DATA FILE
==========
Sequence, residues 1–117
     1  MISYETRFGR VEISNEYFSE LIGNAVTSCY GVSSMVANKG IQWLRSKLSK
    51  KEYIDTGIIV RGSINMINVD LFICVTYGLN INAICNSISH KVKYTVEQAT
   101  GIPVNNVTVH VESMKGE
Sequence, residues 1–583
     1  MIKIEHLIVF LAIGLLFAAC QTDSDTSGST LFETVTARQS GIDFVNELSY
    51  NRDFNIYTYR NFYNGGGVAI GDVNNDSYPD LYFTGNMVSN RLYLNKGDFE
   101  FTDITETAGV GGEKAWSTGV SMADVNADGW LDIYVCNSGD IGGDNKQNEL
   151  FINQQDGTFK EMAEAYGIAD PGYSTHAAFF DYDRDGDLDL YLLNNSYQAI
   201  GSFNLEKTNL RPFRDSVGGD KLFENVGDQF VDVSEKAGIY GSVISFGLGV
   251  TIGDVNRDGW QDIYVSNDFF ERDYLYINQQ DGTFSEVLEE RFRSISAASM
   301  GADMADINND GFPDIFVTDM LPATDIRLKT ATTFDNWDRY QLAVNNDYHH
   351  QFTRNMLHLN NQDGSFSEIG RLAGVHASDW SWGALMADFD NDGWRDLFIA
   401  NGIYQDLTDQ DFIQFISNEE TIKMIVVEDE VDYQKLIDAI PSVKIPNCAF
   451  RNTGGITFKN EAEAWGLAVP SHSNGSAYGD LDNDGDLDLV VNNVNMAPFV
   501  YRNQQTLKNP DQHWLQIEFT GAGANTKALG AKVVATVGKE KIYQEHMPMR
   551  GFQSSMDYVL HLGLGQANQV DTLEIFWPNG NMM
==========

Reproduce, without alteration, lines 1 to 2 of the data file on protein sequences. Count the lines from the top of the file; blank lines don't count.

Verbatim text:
Sequence, residues 1–117
     1  MISYETRFGR VEISNEYFSE LIGNAVTSCY GVSSMVANKG IQWLRSKLSK